• Everyone gives a hundred percent, and more. It seems that’s what it takes to make it, and you can smell it in the air.
  • Scarves are a prerequisite at this time of year.
  • Of the big four museums (MOMA, Met, Guggenheim, Natural History), I came away loving the MOMA (which has one of Monet‘s large scale water lilies). The Met is colossal – you could spend the entire morning looking at just its Impressionist collection (including impressive selections from Monet and Van Gogh). They have a selection of ukiyo-e prints from Hokusai (including the The Great Wave off Kanagawa) and Hiroshige.
  • Must-see museum for next time: The Cooper-Hewitt National Design Museum, on the Museum Mile.
  • There are two sporting halls of fame if you fancy a drive – Baseball in Cooperstown, NY is impressively curated and reverently presented, and beats Basketball in Springfield, MA, which feels like a noisy mall in the ‘burbs.
  • Better than both is the Norman Rockwell Museum in Stockbridge, MA.

Manhattan from the air

July 21st, 2008 dotted line


Roast duck and pork over rice for five dollars. Oranges, nashi apples, sixty cents a pound. A punnet of strawberries, a pack of bokchoy, a dollar each. Bing cherries and lychees for two dollars a pound.

I recently started going into Chinatown for groceries (along Stockton, and also Powell). Of course, I knew that things would be cheaper than Safeway or Cala, and there would also be things found nowhere else. The hustle and bustle, Asian-style manners (line etiquette equals line cutting), smells on the street and wet stores the department of public health probably wouldn’t approve of, small grannies and smaller children, docile frogs stacked in styrofoam boxes, pungent durian and jackfruit, pirated VCDs and the occasional cassette tape, and Cantonese, the lingua franca.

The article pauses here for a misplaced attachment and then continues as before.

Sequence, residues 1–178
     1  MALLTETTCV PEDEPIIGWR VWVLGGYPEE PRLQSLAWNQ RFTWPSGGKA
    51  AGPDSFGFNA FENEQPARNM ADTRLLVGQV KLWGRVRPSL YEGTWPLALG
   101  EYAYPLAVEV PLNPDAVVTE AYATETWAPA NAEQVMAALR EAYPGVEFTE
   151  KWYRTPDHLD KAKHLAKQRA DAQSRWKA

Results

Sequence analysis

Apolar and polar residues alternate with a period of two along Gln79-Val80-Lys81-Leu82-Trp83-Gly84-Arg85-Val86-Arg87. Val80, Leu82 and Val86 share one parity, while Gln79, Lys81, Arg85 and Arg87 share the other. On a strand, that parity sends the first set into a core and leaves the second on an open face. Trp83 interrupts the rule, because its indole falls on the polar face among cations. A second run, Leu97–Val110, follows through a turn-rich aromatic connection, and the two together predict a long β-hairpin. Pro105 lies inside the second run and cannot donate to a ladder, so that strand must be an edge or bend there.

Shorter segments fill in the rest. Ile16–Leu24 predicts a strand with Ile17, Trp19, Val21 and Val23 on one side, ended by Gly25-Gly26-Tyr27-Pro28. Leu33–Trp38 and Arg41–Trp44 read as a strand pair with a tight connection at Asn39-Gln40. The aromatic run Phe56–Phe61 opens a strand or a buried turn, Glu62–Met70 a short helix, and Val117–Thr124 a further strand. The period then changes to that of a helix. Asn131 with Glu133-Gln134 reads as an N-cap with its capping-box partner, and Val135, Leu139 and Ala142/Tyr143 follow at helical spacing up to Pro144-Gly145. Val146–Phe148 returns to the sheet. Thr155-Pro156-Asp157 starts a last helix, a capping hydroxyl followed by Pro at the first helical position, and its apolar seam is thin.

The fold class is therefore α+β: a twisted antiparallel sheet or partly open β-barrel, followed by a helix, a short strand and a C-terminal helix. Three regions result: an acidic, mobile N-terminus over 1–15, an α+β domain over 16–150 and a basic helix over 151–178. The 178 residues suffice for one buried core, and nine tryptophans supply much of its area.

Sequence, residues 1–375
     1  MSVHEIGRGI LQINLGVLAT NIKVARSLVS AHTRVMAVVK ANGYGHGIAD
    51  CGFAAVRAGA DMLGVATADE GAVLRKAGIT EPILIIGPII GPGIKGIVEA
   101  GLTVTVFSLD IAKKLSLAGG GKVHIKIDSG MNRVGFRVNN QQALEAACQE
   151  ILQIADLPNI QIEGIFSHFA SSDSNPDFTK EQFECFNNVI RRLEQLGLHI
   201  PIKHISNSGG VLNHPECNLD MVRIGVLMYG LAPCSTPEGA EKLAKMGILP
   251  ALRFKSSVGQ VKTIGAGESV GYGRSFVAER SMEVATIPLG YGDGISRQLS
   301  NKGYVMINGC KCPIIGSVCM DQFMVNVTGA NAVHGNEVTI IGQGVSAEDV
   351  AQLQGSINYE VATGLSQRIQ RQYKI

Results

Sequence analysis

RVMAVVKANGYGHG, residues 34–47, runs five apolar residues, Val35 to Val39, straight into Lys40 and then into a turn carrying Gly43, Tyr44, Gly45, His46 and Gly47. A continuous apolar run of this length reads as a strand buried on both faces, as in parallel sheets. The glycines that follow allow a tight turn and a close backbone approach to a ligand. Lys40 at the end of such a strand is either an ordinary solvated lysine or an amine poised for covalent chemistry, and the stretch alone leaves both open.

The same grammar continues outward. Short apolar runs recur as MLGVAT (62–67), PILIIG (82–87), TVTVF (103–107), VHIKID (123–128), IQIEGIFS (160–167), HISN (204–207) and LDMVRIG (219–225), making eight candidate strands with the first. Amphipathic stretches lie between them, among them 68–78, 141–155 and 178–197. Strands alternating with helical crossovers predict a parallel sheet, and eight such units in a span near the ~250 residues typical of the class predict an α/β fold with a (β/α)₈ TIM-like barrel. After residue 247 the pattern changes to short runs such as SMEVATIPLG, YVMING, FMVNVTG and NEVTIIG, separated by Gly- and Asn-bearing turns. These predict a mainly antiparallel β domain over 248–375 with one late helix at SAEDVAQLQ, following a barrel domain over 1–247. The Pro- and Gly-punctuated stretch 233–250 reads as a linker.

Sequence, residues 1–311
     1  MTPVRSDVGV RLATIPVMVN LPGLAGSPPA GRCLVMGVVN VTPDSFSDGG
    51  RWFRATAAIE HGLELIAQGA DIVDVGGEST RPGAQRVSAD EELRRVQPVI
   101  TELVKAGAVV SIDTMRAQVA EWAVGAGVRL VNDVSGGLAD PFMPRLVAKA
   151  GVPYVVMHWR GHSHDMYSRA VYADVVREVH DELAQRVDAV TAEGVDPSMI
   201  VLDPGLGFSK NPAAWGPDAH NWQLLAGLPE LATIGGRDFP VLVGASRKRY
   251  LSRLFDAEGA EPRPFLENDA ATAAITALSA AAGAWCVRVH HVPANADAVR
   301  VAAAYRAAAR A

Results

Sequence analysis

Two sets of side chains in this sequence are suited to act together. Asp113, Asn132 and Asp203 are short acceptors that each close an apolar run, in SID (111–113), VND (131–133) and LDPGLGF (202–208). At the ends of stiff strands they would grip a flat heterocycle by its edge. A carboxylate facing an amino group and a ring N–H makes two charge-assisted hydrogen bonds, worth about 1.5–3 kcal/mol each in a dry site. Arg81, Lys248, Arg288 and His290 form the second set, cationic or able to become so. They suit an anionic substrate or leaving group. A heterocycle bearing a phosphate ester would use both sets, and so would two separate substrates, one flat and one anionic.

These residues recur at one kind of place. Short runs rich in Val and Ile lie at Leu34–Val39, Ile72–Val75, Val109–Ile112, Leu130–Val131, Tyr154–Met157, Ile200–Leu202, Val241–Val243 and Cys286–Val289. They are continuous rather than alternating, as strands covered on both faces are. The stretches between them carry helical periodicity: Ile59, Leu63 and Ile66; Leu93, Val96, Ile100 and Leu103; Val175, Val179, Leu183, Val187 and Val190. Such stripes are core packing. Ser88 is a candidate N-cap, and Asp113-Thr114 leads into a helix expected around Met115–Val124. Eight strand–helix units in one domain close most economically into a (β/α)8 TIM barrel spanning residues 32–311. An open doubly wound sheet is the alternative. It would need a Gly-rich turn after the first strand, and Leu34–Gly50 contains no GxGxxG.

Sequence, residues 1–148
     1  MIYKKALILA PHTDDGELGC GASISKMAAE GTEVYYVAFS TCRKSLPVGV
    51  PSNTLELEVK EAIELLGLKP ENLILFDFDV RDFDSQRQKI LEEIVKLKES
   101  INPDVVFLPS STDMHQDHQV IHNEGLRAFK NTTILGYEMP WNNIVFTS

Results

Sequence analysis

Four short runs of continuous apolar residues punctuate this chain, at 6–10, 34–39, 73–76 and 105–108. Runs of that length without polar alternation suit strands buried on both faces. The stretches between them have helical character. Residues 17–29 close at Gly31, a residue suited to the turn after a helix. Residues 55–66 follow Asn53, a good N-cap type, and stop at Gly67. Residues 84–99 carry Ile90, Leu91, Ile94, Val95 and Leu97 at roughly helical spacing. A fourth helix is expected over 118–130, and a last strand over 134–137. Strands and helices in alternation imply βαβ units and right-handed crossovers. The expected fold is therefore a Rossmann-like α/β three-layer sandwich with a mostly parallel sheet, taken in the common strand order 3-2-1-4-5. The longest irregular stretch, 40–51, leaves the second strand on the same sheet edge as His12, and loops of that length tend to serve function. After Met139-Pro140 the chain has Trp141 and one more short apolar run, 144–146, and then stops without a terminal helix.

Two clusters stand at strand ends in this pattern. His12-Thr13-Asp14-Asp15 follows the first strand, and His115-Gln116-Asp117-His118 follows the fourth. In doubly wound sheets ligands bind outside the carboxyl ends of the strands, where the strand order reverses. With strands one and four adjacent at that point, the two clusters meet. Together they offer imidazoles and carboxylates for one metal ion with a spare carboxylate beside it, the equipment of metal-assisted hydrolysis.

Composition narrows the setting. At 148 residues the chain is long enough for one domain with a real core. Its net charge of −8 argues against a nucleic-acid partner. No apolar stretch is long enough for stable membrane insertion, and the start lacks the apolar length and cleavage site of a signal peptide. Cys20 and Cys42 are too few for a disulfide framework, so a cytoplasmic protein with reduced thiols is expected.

What did surprise me was how I felt last weekend when I went into a dried goods store, hunting for egg noodles, Chinese sausage and fish balls. Some gentle Cantonese pop played as I browsed the small aisles, and for some reason, I felt a sudden happiness, even euphoria. I listened to simple melodies, occasional words half-remembered and half-learnt, occasionally making sense, and heard in them the voices and sounds I grew up with. In this city where I’ve been trying so hard to change myself, being reminded of where I came from and who I am, and the people who helped make me this way, made me happy.

The sounds, sights and smells, take me back to market shopping back in Malaysia, pasar malams and eating in stalls, noisy cousins and relatives, and I start seeing a bit of myself in people around me everywhere I look, because they look like me, and I feel like I almost know them. Home-cooked meals, picking at fish heads, bone marrow, eating rice from a bowl.

As I need it a four block-walk away, an entire world apart, self-contained and self-sufficient.


Chinatown New Year

April 11th, 2008 dotted line


April 11th, 2008 dotted line


I don’t own a TV.